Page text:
• New product development opportunities?
    • Gaining market share, using a new strategy?
    • More growth and higher profits?
    • To be the best in our market?

9. What are the organization's top 3 priorities?
Considerations for Alignment:

  • Do the executives agree on the top 3 priorities?
  • Is there any agreement among the executive team?
  • How do the executives' priorities compare to the CEO's priorities?
  • Is there a written plan or readily accessible document that identifies the organizational priorities?
  • Did the executives refer to the plan when identifying the top 3 organizational priorities?

Executive team alignment is critical to the success of the organization. No executive works in isolation, at least successfully, for very long.

Understanding how each executive views your organization, its challenges and its opportunities provides an important foundation for strategic and implementation planning. "Being on the same page" is more than an adage; it is essential for organizational success.

Healthcare Corner

Preventive Care – Update

The Kaiser Family Foundation has published a timely piece on "Preventive Services Covered by Private Health Plans under the Affordable Care Act." We recommend you take a look at the Fact Sheet and familiarize yourself with the latest details http://www.kff.org/healthreform/8219.cfm.

We are strong proponents of preventive care because of its role in earlier disease detection, ability to manage the disease more effectively, and the ability to treat before complications develop or the disease is in an advanced state. But a barrier to using preventive care services has not only been awareness, but more importantly the out-of-pocket costs to the patient who receives preventive services.

The Affordable Care Act (ACA) "requires private plans to provide coverage with no deductibles or co-pays for services under four broad categories":

  1. Evidence-Based Screening and Counseling
    1. Coverage would include: screening for depression, diabetes, cholesterol, obesity, various cancers. HIV, Sexually Transmitted Infections (STIs), and counseling for drug and tobacco use, healthy eating, and other health concerns.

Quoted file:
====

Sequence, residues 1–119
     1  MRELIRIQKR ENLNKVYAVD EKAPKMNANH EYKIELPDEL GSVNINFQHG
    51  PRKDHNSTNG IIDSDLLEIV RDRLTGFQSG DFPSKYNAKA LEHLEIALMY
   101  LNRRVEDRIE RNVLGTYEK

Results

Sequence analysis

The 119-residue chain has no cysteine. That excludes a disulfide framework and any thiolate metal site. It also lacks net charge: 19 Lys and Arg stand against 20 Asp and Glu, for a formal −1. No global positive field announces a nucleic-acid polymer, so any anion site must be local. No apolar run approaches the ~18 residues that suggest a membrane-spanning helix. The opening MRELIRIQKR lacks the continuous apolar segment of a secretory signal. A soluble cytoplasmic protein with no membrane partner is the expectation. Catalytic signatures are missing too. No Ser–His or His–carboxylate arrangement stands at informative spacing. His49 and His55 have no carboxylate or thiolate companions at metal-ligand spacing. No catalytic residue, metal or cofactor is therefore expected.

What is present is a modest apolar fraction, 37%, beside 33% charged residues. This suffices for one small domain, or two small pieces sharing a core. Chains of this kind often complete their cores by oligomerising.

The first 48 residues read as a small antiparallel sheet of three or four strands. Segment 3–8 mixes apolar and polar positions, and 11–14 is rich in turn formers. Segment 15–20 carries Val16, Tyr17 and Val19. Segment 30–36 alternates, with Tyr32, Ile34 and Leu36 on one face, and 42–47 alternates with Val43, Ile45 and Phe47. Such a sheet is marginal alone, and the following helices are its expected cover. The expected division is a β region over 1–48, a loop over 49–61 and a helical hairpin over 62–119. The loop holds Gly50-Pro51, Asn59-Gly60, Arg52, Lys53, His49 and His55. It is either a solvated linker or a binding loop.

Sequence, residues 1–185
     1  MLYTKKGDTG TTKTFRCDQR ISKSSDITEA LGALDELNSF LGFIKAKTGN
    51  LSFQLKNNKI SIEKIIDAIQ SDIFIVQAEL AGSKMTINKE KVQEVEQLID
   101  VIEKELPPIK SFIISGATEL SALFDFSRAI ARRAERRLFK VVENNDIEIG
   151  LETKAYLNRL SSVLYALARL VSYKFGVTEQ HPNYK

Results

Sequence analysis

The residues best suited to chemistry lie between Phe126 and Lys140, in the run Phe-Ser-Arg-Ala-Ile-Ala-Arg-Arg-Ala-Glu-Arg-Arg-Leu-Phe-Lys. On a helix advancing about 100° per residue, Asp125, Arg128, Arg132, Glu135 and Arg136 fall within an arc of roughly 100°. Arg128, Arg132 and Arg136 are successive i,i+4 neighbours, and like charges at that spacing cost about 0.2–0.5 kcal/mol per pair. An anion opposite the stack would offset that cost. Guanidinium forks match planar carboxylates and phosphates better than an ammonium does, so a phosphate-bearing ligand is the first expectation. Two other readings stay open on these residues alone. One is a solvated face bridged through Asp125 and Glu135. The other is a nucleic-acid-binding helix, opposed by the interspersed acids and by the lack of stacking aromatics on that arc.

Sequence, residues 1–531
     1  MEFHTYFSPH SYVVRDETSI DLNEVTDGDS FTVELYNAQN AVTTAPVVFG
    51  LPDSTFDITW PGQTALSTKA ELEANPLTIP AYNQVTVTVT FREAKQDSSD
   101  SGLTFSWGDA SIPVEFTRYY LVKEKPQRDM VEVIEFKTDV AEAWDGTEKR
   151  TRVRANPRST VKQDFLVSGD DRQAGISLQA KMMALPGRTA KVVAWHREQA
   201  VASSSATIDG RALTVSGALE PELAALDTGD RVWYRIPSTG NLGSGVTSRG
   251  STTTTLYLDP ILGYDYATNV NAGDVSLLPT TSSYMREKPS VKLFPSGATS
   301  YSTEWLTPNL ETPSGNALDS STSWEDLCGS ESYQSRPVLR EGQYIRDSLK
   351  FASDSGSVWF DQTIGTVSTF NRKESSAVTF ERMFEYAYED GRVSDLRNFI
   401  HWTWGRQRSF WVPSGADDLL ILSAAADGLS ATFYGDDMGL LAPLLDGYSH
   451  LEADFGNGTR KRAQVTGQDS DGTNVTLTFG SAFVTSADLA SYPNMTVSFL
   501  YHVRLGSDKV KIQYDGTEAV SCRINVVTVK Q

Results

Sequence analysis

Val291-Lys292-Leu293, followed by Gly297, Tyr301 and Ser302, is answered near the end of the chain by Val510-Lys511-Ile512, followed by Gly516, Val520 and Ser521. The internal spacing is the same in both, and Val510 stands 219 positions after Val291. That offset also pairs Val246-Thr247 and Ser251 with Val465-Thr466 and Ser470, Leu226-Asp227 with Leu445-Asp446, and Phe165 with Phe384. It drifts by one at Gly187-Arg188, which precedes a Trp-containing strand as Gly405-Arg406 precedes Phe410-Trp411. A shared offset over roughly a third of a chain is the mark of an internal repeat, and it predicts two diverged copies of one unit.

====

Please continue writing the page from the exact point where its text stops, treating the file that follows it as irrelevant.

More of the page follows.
2. Routine Immunizations
    1. Coverage would include: coverage for immunizations for influenza; meningitis; tetanus; HPV; hepatitis A and B; measles; mumps; rubella and varicella
  3. Preventive Services for Children and Youth
    1. Services would include: immunization and screening services defined above, behavioral and developmental assessments, iron and fluoride supplements, and screening for autism, vision impairment, lipid disorders, tuberculosis, and certain genetic diseases.
  4. Preventive Services for Women
    1. Services would include: annual well-woman visits, testing for STIs and HIV, support for breast feeding, and screening and counseling for domestic violence. The requirements also include FDA-approved contraception methods including sterilization procedures as prescribed by a clinician as well as patient education and counseling on contraception.

Almost Half of the Uninsured are Unaware of the ACA Provisions to Help Them

Believe it or not, of the 32 million uninsured population who will gain coverage under the ACA, 47% didn't think they would be affected by the act.

To be more specific:

  • 14% believe the health reform law will hurt them
  • 31 % believe the health reform law will help
  • 7% don't know or refused to answer
  • 47% said it won't make much difference

Communication issue? Awareness issue? Too preoccupied with other daily challenges to take time to learn more about the Act? A complicated issue that on its own merits is hard to understand? Yes to all of these, and likely more.

This is important because it does provide some evidence that individuals, for various reasons, may not know or fully appreciate the potential impact that is about to happen to their health care coverage. And not knowing or understanding a benefit is a serious issue. The preventive services components of the Act stand to create a significant opportunity for improved health in the uninsured population. This is a time where we cannot communicate too much.

To read more about this survey see Drew Altman's Blog – Pulling It Together: http://www.kff.org/pullingittogether/uninsured_informed_altman.cfm